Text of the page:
The first thing to consider is the reel itself. If you are planning to do a good deal of casting with a free-spool reel, you need to buy a reel that is up to the job.

A good casting reel should have the following features:

  • There should be a way of quickly and easily getting the line spool in and out of the reel.
  • There should be a line spool-tensioning knob, on the drag or opposite end-plate.
  • There should be a shoulder on the line spool that sits up above the level of the line.

The reason that a good casting reel features a quick take-down to get to get at the line spool, is so the spool mechanics and the spool spindle can be properly lubricated with a fine oil – less is best.

The aim is to allow the spool to start spinning as freely as possible.

The spool-tensioning knob is used to achieve the same result. It should be adjusted so that the spool spins as freely as possible, without ‘wobble’.  The best way of achieving this is to hold the line spool gently between the thumb and forefinger and adjust the spool tensioning-knob until the spool moves just slightly from side to side, a mere fishes eyelash width is just right, revealing only a faint hint of movement.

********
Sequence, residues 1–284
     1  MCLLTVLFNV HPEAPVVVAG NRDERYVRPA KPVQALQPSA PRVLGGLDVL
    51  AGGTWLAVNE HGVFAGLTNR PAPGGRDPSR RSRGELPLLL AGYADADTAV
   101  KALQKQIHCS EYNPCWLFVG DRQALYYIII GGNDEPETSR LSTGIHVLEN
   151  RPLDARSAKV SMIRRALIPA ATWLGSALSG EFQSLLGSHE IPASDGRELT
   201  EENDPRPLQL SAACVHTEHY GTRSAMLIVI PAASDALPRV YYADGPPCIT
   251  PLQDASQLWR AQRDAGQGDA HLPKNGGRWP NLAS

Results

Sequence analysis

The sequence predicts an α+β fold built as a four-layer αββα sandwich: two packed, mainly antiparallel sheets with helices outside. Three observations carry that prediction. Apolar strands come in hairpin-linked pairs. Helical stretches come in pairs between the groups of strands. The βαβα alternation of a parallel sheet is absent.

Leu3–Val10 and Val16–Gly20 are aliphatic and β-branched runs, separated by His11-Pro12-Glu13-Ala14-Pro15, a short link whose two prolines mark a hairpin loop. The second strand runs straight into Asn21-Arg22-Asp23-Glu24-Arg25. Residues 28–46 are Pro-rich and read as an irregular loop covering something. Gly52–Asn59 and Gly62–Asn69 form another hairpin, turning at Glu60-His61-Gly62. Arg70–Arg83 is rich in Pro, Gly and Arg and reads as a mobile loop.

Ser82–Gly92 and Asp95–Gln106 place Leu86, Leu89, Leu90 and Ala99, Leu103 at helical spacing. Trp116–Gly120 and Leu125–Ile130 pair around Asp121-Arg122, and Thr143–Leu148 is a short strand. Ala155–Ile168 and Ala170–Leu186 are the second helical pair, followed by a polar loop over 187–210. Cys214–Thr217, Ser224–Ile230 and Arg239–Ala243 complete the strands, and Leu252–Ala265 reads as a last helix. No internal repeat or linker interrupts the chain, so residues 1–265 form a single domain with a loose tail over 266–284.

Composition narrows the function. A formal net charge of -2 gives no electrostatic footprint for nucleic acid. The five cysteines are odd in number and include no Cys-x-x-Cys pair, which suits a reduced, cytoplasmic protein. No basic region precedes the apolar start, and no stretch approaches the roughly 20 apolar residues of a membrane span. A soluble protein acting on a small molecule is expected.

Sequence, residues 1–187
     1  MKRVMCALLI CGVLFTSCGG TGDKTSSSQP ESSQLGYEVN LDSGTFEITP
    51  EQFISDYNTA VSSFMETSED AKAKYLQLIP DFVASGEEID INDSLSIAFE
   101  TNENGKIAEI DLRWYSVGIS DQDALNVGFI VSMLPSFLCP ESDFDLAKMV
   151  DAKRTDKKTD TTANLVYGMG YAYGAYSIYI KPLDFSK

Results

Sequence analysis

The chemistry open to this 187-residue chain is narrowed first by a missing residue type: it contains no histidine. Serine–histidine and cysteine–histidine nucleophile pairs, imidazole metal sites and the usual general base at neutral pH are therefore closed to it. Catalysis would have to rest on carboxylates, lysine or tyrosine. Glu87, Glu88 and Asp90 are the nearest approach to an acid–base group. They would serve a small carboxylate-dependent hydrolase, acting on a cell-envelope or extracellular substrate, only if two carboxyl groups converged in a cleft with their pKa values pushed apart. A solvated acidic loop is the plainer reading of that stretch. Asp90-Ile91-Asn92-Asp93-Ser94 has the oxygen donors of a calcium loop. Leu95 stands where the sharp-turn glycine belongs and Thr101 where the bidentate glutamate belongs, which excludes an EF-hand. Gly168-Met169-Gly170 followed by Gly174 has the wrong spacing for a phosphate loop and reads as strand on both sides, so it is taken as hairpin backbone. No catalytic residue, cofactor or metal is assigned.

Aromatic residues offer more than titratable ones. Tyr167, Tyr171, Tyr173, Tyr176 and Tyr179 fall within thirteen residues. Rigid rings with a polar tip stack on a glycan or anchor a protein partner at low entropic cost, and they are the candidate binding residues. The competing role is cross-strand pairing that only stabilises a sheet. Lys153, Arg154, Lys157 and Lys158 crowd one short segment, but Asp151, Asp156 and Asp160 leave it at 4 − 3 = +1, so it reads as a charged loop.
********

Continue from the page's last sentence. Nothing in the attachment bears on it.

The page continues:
The shoulder on the line spool is a catalyst.

Once the rod is cast and the lure starts pulling line off the reel the angler must at the critical times slow the spool down; but with a feather-light touch. This is not a time to be manly,,, think light. If the thumb is placed lightly on the outer coils of line on the reel spool, the stored energy in the line-spool will keep the spool spinning, and the layers of line just under the top few layers will spill out. This builds truly nightmarish birds nests, where you discover that a web of loop de loops is not so bad, and a tangled group of knots is devilish.

The thumb must be placed on the spool shoulder not on the line.

Now the mechanics are sorted what about the cast itself?

The first thing to be conscious of is to make the whole casting action as smooth as possible, right through the whole motion from whoa to go. It is important to give the action plenty of oomph and like a golf swing be mindful of follow through, sudden reversals increase inertia. Casting lightly is probably causes more horrendous birds nests than any other type of cast as it is impossible to get the timing and pressure of release right. Remember it is a delicate balance between pulling forces, not a matter of fast or slow casting. If the line is only coming off the line-spool slowly, the line will start the spool spinning, but this will in itself ‘stall’ the lure or bait, and bird nest building starts immediately.